Wednesday, November 08, 2006

Ryuichi Tamura

Human House
by Ryuichi Tamura

I guess I'll be back late
I said and left the house
my house is made of words
an iceberg floats in my old wardrobe
unseen horizons wait in my bathroom
from my telephone: time, a whole desert
on the table: bread, salt, water
a woman lives in the water
hyacinths bloom from her eyeballs
of course she is metaphor herself
she changes the way words do
she's as fre-form as a cat
I can't come near her name

I guess I'll be back late
no, no business meeting
not even a reunion
I ride ice trains
walk fluorescent underground arcades
cut across a shadowed square
ride in a mollusk elevator
violet tongues and gray lips in the trains
rainbow throats and green lungs underground
in the square, bubble language
foaming bubble information, informational information adjectives, all the hoolow adjectives
adverbs, paltry begging adverbs
and nouns, crushing, suffocating nouns
all I want is a verb
but i can't find one anywhere
I'm through with a society
built only of the past and future
I want the present tense

Because you open a door
doesn't mean there has to be a room
because there are windows
doesn't mean there's an interior
doesn't mean there's a space
where humans can live and die-
so far I've opened and shut
eountless doors, going out each one
so I could come in through another
telling myself each time
what a wonderful new world lies just beyond
what do I hear? from the paradise on the other side
dripping water
waves thudding on rocks
sounds of humans and beasts breathing
the smell of blood

it's been a while
I'd almost forgotten what it smells like
silence gathers around a scream
on the tip of a needle
as he walks slowly toward me
the surgeon puts on his rubber gloves
I close my eyes, open them again
things falling through my eyes
both arms spread like wings
hair streaming out full length
things descending momentary gaps of light
connecting darkness and darkness

I rise slowly from a table in a bar
not pulled by a political slogan or religious belief
it's hard enough trying to find my eyes
to see the demolition of the human house
the dismemberment of my language

My house, of course, isn't made of words
my house is built of my words

tranlated by Christopher Drake

My Imperialism
by Ryuichi Tamura

I sink into bed
on the first Monday after Pentecost
and bless myself
since I'm not a Christian

Yet my ears still wander the sky
my eyes keep hunting for underground water
and my hands hold a small book
describing the grotesqueness of modern white society

when looked down at from the nonwhite world
in my fingers there's a thin cigarette-
I wish it were hallucinogenic
though I'm tired of indiscriminate ecstasy

Through a window in the northern hemisphere
the light moves slowly past morning to afternoon
before I can place the red flare, it's gone:

Was it this morning that my acupuncturist came?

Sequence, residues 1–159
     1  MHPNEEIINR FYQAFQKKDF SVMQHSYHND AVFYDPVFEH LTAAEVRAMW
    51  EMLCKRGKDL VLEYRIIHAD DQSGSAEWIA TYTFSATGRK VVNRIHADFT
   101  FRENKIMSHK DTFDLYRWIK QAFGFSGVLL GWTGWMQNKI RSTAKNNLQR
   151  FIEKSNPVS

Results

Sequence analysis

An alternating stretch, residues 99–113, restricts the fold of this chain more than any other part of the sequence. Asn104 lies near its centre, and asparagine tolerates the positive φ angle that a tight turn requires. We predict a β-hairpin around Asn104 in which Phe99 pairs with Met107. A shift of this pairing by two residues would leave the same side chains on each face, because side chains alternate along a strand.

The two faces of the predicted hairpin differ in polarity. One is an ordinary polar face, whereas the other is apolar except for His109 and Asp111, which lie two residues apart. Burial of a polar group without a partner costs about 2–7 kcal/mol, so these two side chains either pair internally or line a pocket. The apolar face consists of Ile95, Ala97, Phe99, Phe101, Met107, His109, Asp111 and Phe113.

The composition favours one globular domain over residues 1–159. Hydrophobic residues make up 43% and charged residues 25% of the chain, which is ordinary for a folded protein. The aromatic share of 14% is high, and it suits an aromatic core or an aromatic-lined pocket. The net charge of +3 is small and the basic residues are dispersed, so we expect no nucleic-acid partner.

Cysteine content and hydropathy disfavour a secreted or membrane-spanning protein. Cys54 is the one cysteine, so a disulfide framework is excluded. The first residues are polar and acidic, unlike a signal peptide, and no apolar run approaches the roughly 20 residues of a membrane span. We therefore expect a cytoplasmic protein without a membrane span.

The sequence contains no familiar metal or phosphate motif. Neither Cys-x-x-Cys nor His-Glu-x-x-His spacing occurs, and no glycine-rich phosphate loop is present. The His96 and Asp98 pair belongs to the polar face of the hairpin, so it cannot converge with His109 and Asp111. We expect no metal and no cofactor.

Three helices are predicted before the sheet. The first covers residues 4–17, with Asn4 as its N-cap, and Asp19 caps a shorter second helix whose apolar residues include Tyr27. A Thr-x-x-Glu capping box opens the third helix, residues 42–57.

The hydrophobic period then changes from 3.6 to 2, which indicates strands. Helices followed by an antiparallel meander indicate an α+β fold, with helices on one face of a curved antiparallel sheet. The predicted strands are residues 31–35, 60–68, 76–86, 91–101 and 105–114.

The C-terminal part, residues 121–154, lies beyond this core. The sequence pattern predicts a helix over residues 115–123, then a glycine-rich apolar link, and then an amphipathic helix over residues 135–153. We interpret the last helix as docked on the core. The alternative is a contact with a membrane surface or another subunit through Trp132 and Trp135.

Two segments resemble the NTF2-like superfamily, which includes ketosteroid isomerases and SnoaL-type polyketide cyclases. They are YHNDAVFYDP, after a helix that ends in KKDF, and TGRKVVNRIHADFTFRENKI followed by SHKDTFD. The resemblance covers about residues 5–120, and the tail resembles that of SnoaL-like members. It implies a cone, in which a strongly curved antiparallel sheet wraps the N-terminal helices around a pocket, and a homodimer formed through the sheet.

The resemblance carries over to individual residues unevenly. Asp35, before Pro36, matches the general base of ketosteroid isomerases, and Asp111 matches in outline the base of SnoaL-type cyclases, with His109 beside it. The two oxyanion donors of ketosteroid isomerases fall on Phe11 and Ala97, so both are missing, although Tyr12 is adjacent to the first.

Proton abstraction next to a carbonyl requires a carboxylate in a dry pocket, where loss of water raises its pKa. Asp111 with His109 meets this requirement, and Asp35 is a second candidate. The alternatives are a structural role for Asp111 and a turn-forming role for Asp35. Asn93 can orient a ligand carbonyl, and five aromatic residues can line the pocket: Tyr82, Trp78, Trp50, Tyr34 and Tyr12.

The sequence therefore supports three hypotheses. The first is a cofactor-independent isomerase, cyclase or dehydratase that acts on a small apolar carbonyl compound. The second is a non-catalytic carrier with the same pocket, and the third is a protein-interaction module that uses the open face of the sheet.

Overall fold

a graduate student in Marxist economics, he says he changed
to medicine to help humanity, the anime of animals, drag itself peacefully to its deathbed
forty years of Scotch whiskey's roasted my liver and put me
into the hands of a Marxist economist
I want to ask him about Imperialism, A Study-
what Hobson saw in South African at the end of the nineteenth century
my yet push me out of bed
even if you wanted to praise imperialism
there aren't enough kings and natives left
the overproduced slaves had to become white

Only the nails grow
the nails of the dead grow too
so, like cats, we must constantly
sharpen ours to stay alive
Only The Nails Grow-not a bad epitaph
when K died his wife buried him in Fuji Cemetery
and had To One Woman carved on his gravestone
true, it was the title of one of his books
but the way she tried to have him only
to herself almost made me cry
even N, who founded the modernist magazine Luna
while Japan prepared to invade China
got sentimental after he went on his pension;
F, depressed
S, manic, buildds house after house
A has abdominal imperialism: his stomach's colonized his legs
M's daaf, he can endure the loudest sounds;
some people have only their shadows grow
others become smaller than they really are
our old manifesto had it wrong: we only looked upward
if we'd really wanted to write poems
we should have crawled on the ground on all fours-
when William Irish, who wrote Phantom Lady, died
the only mourners were stock brokers
Mozart's wife was not at his funeral

My feet grow warmer as I read
Kotoku Shusui's Imperialism, Moster of the Twentieth Century, written back in 1901
when he was young N wrote "I say strange things"
was it the monster that pumped tears from his older eyes?

Poems are commodities without exchange value
but we're forced to invade new territory
by crises of poetic overproduction

We must enslave the natives with our poems
all the ignorant savages under sixty
plagued by a surplus of clothes and food-
when you're past sixty
you're niether a commodity
nor human

tranlated by Christopher Drake

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